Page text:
Soku: A New Take On Asian Fusion

Plating design is crucial to how Soku presents its food to diners. (Photo source: Facebook)

The phrase “Asian fusion restaurant” evokes some cliches to restaurant-goers, images of a fad that’s become all too mainstream over the last decade. Chopsticks? My grandmother can use them. Sushi? Boooring.

It takes real creativity to eke novelty out of Asian fusion cuisine, but Great Neck’s Soku Asian Fusion has creativity in spades.

Dining at Soku is a feast for all the senses, a symphony of smells, sounds and aesthetics, both on and off the plate. The eatery exudes a carefully-crafted atmosphere of high-end comfort, offering an elegant dining experience without being bogged down by the haughtiness of other establishments that share its eye for quality.

The attention to detail in every aspect of the experience Soku offers is easy to appreciate. Manager and founding partner Ivan Zhong came up in the world of hotel management, and he’s put his years in the hospitality industry to good use, designing everything from the table settings to the staff uniforms and the plating for various dishes himself to help create a memorable impression with customers. Not a detail of Soku has been put in place without careful consideration.

For Zhong, “consistency” is the key word when it comes to running a successful restaurant, so Soku was patient in its rollout, waiting to get its staffing and foodstuffs just instead of coming out guns blazing before everything was perfectly in place.

Design and décor aside, the food is the most important aspect of any dining experience, and Soku excels across the board with pleasures for any palate.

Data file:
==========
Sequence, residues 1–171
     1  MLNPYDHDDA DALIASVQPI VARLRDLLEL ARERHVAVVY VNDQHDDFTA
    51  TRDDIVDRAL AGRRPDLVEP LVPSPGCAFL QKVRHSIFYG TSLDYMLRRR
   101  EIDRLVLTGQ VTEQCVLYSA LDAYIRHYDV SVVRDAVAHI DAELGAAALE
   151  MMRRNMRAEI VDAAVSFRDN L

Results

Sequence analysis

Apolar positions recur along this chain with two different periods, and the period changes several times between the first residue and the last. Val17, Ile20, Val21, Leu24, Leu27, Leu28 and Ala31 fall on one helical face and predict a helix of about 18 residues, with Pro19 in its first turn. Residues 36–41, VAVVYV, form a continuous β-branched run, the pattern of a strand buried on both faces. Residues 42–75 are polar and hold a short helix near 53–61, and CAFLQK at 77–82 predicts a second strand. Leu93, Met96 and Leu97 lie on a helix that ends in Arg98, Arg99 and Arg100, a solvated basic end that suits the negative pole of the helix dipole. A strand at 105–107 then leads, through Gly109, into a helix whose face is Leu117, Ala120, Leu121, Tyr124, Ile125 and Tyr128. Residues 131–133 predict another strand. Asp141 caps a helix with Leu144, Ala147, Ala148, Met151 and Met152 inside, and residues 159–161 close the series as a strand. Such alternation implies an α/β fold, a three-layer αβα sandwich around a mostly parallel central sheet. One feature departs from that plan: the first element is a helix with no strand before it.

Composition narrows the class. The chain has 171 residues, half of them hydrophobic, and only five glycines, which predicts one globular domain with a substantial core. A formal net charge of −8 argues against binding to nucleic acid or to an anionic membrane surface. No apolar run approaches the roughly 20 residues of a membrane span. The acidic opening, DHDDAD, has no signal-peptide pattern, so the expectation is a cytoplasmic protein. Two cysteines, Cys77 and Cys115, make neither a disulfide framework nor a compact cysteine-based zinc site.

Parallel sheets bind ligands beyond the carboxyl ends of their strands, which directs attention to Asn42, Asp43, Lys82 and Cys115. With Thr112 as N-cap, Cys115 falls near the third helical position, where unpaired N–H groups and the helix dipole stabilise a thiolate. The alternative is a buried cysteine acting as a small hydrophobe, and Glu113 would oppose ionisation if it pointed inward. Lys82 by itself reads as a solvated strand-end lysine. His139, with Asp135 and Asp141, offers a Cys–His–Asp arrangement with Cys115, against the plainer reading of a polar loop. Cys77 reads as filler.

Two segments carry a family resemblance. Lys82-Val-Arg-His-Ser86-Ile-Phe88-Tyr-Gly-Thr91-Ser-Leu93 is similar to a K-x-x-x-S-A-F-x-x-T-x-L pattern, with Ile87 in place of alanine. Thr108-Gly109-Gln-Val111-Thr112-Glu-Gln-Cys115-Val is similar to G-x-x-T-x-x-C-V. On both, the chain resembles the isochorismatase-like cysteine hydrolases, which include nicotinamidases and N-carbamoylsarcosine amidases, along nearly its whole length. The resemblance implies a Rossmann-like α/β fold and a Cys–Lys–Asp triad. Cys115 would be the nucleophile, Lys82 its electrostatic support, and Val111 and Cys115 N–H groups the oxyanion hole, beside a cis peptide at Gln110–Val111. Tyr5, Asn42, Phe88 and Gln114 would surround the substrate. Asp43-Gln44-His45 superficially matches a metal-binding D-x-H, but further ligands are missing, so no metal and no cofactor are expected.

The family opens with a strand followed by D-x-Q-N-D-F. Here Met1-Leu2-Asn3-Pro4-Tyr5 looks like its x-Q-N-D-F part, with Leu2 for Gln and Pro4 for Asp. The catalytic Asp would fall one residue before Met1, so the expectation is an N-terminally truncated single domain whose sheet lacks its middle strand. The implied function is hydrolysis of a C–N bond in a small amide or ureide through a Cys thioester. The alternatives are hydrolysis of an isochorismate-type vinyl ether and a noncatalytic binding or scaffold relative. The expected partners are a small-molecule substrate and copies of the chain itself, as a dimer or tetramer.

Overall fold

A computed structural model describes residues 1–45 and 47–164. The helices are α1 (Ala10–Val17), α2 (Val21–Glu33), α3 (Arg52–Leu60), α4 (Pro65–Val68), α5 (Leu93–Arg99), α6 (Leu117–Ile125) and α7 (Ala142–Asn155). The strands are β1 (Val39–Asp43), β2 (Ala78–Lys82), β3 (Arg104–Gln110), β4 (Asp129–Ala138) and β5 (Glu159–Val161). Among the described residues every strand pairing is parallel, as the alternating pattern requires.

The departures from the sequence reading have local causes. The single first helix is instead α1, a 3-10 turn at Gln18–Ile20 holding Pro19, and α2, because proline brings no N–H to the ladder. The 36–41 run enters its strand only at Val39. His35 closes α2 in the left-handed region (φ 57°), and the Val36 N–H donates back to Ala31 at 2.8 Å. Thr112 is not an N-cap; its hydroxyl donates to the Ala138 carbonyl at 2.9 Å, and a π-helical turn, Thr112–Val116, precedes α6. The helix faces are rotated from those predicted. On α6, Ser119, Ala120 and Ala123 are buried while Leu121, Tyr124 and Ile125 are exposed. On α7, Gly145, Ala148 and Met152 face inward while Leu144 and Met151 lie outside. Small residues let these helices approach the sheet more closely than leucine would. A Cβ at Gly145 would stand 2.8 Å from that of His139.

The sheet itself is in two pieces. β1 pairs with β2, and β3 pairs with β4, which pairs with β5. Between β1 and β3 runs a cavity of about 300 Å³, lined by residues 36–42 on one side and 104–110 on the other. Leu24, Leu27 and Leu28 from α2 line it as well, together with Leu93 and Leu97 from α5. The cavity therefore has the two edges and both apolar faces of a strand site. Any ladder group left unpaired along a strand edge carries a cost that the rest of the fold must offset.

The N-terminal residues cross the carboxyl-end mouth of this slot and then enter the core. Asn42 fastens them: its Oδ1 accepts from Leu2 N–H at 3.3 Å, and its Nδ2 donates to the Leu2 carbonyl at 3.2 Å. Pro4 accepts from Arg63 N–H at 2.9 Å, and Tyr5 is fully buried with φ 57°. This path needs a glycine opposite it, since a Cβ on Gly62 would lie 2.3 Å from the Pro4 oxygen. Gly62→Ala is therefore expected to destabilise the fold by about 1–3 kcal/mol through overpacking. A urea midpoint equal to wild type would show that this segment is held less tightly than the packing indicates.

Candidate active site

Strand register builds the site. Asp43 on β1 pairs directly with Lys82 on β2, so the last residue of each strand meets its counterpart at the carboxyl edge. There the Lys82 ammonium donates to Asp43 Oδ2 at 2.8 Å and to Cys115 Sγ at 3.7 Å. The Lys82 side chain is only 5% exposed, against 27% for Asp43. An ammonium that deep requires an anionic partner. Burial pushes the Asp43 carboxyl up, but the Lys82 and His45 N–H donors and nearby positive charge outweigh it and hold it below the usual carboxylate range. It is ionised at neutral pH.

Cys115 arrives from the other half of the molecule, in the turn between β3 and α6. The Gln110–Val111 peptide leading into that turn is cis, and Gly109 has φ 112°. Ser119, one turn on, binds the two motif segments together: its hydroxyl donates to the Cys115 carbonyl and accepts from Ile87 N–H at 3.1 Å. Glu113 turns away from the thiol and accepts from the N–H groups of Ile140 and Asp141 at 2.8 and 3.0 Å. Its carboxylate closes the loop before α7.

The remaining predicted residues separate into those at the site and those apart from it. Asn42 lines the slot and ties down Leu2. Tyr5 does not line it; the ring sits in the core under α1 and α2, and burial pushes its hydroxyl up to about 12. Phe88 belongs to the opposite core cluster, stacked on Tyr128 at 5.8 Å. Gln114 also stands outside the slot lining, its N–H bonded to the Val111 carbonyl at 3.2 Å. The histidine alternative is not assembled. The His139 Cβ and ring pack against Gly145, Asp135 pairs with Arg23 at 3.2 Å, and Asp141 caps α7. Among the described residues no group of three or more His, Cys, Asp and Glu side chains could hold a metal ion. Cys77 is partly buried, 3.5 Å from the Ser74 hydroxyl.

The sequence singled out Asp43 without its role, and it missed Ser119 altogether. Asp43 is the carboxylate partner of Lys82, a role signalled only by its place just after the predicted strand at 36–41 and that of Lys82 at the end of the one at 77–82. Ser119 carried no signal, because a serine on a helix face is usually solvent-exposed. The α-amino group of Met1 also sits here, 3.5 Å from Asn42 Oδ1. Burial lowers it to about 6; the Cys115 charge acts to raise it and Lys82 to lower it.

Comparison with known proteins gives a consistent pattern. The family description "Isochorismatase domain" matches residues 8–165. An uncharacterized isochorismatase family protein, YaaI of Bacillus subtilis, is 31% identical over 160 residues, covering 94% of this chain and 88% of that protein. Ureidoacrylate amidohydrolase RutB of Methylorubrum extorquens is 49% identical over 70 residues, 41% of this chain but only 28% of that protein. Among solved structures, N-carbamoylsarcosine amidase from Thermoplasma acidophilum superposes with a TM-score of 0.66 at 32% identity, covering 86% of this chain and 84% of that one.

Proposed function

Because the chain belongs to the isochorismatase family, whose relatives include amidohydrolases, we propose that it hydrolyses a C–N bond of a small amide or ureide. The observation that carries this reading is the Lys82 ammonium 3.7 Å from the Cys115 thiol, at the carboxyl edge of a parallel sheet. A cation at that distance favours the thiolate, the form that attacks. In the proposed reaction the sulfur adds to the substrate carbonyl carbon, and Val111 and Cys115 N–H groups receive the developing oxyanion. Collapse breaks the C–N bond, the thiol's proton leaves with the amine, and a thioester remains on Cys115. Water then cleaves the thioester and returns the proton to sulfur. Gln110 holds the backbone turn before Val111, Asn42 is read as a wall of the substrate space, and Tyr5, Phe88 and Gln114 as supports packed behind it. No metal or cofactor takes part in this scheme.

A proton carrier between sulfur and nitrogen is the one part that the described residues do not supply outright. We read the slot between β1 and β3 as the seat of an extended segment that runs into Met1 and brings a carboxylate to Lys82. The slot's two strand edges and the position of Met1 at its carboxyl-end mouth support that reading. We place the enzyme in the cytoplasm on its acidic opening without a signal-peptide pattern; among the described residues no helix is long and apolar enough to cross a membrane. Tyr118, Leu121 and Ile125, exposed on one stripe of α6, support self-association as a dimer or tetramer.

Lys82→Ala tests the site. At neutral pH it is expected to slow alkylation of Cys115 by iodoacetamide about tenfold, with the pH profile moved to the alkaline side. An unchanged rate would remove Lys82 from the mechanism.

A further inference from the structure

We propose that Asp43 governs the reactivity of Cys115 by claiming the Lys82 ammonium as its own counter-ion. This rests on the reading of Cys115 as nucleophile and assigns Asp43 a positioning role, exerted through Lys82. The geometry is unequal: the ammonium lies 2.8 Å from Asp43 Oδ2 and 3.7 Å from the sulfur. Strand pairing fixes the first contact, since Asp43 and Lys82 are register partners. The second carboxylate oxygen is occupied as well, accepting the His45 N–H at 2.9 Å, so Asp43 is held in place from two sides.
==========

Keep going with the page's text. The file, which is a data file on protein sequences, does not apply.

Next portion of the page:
Chefs at work behind Soku’s combination sushi and beverage bar

True to its Asian fusion label, Soku’s cuisine runs the gamut from nations across the great eastern continent, borrowing dishes and inspiration from Japan, China and Thailand alike, but always with a twist or two that sets their takes on familiar foods apart from the rest.

Think you’ve had every oyster dish imaginable growing up on Long Island? Soku’s Kumamoto Oysters might force you to rethink that. The assortment of a half-dozen oysters garnished with lemongrass comes with a helping of soy sauce that gives the melt-in-your-mouth morsels an extra kick of flavor going down. Tired of boring old sushi? Soku’s Duck Tortillas are anything but. Naming aside, this is a essentially a sushi roll, stuffed with greens and cooked duck breast and wrapped in a scallion pancake with spicy mayo on top. That small world of ingredients blends together to offer Soku one of its more unique dishes, which just happens to be to-die-for delicious. Each and every dish here was worth the weight.

Even the edamame here is a testament to Soku’s spirit for culinary innovation. The steamed soybean dish lesser restaurants so often reduce to barely-salted table dressing is here rebranded with a peppering of chili powder and other spices.

That change from the ordinary in such a blink-and-you-miss-it item is indicative of the whole experience at the restaurant. Soku is an eatery that always goes the extra mile, and maybe even a few more, to stand above the rest.

In the months since it opened on Middle Neck Road, that approach has resonated with diners, who have given Soku an average Yelp rating of 4.5 stars. Anybody who wants to make reservations or inquire about Soku’s catering services can call 516-482-1923.

Mike Adams
Mike Adams is the editor of the Great Neck Record and The Roslyn News.

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